Who Are The Little Known Writers/Bloggers You Would Like To Share?

Peace and grace,

Bryan Daniels

3 Reasons To Stop Quoting Gandhi

Gandhi

He was a great worldwide leader of the peaceful civil disobedience movement. American Civil Rights activists like Martin Luther King Jr. saw him as a blazing forerunner to their cause for equality.

Gandhi spoke and lived out a wealth of worthy truth; I would never suggest we should ignore all of it. God is the God of truth, so we should be confident enough to claim it wherever it springs from. For clarification: my main issue is the ad nauseam use of one particular Gandhi quote, provided almost exclusively by Christians as a rebuke to other Christians. It goes:

I like your Christ, I do not like your Christians. Your Christians are so unlike your Christ.

So take a few deep breaths. This isn’t a moratorium on all things Gandhi (step away from the unfollow button).  Here are 3 reasons I personally wouldn’t exhort fellow Christians with this particular quote:

Gandhi May Not Have Liked Himself As A Christian

Sure, British Imperialism put a deservedly nasty taste in Gandhi’s mouth. And he fought it beautifully with counter intuitive peaceful resistance.

But Gandhi was a man with a fallen nature too. He abandoned his wife to gallivant with a German bodybuilder. He conducted some sexually strange “spiritual marriage” rituals with young girls.

Maybe worse: Gandhi had blatantly racist views fueled by his staunch belief in the Hindu caste system. Black South Africans had the same struggle with Britain the Indians did, yet Gandhi seemed to sympathize with the white establishment saying of them,

“We believe as much in the purity of races as we think they do.”

Black political leaders like Martin Luther King Jr may have loved to have coffee with their social justice idol, but that would likely never happen given Gandhi’s prejudicial presuppositions.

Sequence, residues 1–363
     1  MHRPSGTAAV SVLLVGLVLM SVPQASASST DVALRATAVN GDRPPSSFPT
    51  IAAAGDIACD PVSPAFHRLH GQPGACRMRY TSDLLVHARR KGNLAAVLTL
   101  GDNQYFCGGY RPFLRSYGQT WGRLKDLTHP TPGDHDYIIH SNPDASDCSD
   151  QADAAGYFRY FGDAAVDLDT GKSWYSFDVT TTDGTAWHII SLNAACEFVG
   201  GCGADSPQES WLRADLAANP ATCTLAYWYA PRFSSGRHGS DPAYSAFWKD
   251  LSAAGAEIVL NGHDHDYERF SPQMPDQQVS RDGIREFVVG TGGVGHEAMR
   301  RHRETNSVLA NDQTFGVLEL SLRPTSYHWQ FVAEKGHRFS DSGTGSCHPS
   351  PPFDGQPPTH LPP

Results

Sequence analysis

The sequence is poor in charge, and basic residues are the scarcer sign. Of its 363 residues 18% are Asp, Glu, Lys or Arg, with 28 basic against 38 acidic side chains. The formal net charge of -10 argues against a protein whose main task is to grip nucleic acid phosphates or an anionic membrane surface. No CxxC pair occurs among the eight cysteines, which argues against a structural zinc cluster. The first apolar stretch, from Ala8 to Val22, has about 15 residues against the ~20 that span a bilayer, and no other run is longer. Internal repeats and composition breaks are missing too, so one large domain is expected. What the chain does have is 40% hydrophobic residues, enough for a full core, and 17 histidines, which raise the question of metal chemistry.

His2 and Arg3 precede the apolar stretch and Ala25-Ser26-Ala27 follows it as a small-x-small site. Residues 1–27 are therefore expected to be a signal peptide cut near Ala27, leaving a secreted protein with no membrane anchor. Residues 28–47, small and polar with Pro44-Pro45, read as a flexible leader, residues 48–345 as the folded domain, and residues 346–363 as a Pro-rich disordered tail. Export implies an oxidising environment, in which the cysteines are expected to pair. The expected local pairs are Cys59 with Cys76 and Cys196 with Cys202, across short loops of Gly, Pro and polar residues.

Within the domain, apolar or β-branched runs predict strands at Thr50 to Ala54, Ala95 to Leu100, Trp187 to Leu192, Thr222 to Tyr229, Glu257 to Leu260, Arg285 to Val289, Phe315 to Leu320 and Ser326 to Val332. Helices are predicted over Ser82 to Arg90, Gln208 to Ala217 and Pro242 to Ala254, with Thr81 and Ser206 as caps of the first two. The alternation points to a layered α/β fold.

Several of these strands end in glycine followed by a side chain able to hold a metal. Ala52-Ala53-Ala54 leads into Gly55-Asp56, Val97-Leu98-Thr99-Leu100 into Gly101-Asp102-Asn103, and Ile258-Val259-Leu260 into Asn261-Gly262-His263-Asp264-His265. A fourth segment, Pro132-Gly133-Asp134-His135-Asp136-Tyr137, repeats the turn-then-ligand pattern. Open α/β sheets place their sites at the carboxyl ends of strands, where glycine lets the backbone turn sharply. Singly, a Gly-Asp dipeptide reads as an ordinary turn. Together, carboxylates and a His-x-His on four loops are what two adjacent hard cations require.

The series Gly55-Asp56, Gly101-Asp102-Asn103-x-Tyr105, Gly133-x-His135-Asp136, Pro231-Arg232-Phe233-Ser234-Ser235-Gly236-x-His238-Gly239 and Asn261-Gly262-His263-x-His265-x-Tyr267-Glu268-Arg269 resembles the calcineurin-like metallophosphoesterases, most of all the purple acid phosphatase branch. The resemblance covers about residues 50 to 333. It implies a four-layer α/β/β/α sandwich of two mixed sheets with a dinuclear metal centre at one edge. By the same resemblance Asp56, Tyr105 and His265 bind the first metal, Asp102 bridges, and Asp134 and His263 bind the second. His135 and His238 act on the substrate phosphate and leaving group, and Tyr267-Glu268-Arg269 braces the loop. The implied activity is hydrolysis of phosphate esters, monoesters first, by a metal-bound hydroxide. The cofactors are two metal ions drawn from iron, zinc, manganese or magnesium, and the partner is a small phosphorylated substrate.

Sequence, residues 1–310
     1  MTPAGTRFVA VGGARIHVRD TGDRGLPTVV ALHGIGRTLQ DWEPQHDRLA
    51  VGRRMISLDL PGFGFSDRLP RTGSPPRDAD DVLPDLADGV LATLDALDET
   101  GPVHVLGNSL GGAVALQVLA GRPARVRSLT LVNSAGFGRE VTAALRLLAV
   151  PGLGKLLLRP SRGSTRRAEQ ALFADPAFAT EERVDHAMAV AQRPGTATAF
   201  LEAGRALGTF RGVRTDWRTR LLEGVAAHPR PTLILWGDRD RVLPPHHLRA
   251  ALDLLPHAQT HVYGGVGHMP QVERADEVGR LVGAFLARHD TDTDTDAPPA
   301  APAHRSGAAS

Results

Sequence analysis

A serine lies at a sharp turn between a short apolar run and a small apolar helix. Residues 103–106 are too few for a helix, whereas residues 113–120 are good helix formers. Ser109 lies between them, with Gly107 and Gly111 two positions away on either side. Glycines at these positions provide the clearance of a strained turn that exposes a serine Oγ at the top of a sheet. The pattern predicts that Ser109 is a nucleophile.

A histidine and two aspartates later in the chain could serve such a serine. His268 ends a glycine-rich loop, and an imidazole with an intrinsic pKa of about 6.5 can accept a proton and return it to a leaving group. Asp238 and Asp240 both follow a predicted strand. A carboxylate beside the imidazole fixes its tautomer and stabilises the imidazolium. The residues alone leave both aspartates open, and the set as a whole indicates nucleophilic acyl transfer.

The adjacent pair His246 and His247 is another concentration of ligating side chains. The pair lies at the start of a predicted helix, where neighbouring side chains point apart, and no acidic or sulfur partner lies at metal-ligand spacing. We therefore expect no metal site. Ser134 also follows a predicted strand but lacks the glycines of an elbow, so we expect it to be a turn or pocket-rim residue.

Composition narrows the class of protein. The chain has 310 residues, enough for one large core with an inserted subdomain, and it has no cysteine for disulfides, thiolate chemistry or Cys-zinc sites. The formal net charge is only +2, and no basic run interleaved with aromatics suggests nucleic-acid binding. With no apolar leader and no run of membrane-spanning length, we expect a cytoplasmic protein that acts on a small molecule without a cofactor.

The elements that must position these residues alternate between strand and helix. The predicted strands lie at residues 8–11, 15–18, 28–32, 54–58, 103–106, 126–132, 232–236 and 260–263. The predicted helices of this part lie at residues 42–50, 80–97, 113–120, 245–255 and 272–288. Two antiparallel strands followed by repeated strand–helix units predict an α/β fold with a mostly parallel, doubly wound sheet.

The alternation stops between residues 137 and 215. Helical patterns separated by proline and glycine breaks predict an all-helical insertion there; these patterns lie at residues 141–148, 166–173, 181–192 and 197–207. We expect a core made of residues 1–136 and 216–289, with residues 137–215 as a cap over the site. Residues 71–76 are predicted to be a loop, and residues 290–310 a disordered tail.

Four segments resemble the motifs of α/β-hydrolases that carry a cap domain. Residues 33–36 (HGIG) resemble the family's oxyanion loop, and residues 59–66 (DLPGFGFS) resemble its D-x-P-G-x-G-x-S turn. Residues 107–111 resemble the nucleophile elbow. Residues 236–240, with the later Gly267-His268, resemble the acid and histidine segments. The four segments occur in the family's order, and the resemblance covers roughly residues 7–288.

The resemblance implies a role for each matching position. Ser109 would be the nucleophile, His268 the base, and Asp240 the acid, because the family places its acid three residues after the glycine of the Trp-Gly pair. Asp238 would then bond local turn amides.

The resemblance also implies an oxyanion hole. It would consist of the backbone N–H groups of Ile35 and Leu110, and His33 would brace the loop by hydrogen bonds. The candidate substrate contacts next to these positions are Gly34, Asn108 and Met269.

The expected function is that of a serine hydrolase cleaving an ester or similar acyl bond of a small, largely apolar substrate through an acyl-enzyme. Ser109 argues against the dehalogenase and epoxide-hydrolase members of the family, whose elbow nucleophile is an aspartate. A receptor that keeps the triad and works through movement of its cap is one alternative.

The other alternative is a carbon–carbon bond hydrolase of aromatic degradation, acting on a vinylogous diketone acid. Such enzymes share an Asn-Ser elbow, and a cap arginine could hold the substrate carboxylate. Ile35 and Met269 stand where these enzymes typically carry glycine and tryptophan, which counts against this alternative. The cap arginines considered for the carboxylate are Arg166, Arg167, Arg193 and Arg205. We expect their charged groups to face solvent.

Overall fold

The Reciprocal Truth Would Be Rejected

Imagine a Christian leader standing up before the media masses and saying to the modern world,

“I like your Gandhi, but I do not like your Hindus”

or

“I like your Muhammad, but I do not like your Muslims.”

Doesn’t sound as cute and enlightened, eh?

Would that pastor be lauded as a high emissary of other worldly wisdom? No. He’d likely be railroaded out of town as some small-minded bigot. To be so dismissive of such a large diverse group is the opposite of careful nuance. But Gandhi gets a pass where he shouldn’t.

Jesus Already Covered This Perfectly

The Jesus that Gandhi speaks of like a flavor preference covered this one a long time ago. There are many penetrating biblical labels for “Christians” who are absolutely nothing like Christ:

“Lost” “Blind” “Dead” and “Goats” just to name a few.

Jesus the Prophet called this way before Gandhi the pacifist did. He knew many would claim Him who had nothing to do with Him.

Yes, there is some pertinent truth in the Gandhi quote. Because certainly, blood-bought born-again Christians aren’t perfect. But to suggest the geo political arm of British Imperialism or Southern White racism are synonymous with being “in Christ” is to ignore the nature of the King and Kingdom altogether. Instead of quoting a fallen man to make our point, let’s quote the perfect risen King of all men (Mat 7:21-23)

Not everyone who says to me, ‘Lord, Lord,’ will enter the kingdom of heaven, but only the one who does the will of my Father who is in heaven….”

But what of sincerely sputtering and stumbling Christians who are still a dim reflection of the Son? Jesus the Savior beautifully deals with this conundrum. He does it with a power greater than a million British empires or Pacifist movements. Jesus does it with

Grace.

Grace for the struggling Christian who doesn’t measure up to Gandhi’s Jesus ideal. Grace for the “Invisible” children of Calcutta who Gandhi would never dare touch because of religious legalism. Grace for Mr. Gandhi if he simply wanted it.

Grace for me.

Grace for you.

Grace that fills the daunting gap between who we are and who we will finally be. Grace covered and saturated and splattered with the blood of a precious Son, not a philosopher. Above anything else, let that be the story we’re known for sharing to our fellow brothers and sisters who stumble yet yearn to be like their adopted heavenly Father.

Bryan Daniels